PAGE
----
by Joelle Brown
Watt, an associate professor of Higher Education and Student Affairs, is this year’s recipient of the College of Education Collegiate Teaching Award. The award is the college’s highest honor recognizing excellence in teaching.
“Fundamentally, I love to teach,” she says. “I value creating environments where students can explore identity in ways that are personally and professionally meaningful as well as practically useful.”
Watt’s research focuses on designing multicultural initiatives, exploring privilege and various aspects of identity, which provides a backdrop for students to engage in difficult dialogues about complex social issues.
“Dr. Watt encourages students to critically examine their assumptions and perspectives about themselves and the world around them. She recognizes that the work she does plays a role in helping students recognize systems of oppression and their contribution to it, which can shake students’ foundations,” says Kristi Mindrup (PhD ’12).
These discussions play a significant role in students’ educations.
“I grew up in China and because of cultural and value differences, some concepts or topics that were brought up in Dr. Watt’s classes were those that I did not hear about or talk about before I came to the United States,” says Shuhui Lin, a first-year master’s student. “It was not until Dr. Watt’s class that I learned about all of these different identity topics. Just being in those conversations was so eye opening to me.”
Cindy Ann Kilgo, a doctoral student, describes Watt’s approach to teaching as the head, the heart, and the hand. She incorporates her research, the course readings and theory (the head), with the personal lived experiences (the heart), and practical applications of topics (the hands), to make a deep impact on her students.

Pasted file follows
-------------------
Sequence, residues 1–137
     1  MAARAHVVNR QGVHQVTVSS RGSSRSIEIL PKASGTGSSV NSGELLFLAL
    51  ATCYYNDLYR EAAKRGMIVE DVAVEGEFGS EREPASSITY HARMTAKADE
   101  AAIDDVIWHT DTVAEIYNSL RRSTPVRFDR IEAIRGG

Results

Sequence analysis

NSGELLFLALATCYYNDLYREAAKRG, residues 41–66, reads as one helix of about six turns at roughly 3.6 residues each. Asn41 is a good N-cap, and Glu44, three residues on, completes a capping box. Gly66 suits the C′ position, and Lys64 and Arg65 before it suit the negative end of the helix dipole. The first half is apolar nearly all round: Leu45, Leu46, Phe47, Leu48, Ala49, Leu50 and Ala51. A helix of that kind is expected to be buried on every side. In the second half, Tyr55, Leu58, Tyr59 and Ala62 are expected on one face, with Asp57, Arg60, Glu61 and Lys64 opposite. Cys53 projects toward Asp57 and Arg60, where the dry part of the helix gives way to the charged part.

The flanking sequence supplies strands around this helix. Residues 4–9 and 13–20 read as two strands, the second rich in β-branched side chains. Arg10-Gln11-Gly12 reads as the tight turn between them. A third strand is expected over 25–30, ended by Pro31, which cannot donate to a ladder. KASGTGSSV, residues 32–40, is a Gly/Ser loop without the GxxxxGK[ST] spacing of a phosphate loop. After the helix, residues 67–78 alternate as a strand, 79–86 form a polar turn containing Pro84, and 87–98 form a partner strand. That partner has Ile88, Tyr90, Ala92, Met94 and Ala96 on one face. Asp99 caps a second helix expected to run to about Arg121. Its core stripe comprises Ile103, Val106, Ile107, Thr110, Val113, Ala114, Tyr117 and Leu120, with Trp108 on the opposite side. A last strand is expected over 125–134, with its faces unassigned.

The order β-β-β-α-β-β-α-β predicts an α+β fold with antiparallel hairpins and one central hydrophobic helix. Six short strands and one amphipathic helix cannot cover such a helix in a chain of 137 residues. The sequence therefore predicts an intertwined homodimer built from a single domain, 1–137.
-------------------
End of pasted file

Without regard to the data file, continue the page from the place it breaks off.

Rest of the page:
“Dr. Watt often participates in course discussion and shares her own struggles with the content and course material,” says Kilgo. “The vulnerability in her teaching method shows her genuine interest in students’ learning, and her personal reflections allow students to see real-life examples of the material as well as realize that they are not alone in grappling with the course content.”
Watt has also been an influential advisor to many of her students.
“Dr. Watt asks all of the right questions to guide students toward self-reflection, help them find comfort during times of academic ambiguity, and serve as a motivating coach and mentor,” says Mindrup. “Even after earning my Ph.D., she continues to reach out for collaboration opportunities that build on our conversations, projects, and research while I was a student at the University of Iowa.”
Aside from her research and departmental teaching and advising, Nicholas Colangelo, dean of the College of Education, and the Provost’s office asked Watt to design courses that involve collaboration between the University of Iowa and the Iowa City public schools. The courses, Leadership and Public Service I and II, places UI students in mentorships with Iowa City students and provides the opportunity for the University students to see first-hand how matters of identity, power, privilege, and oppression are played out in the community.
Students in the class found these mentorship experiences to be thought-provoking and self-awakening.
“Students leave Dr. Watt’s courses with the knowledge, skills, and awareness to challenge injustices and work towards social change,” says Kira Pasquesi (BA ’05), now a doctoral student.
Throughout all of her various roles, whether she is leading a class or mentee, researching and producing scholarship on multicultural initiatives, or innovating by building a new class, Watt says, she is “committed to the transformative nature of learning.”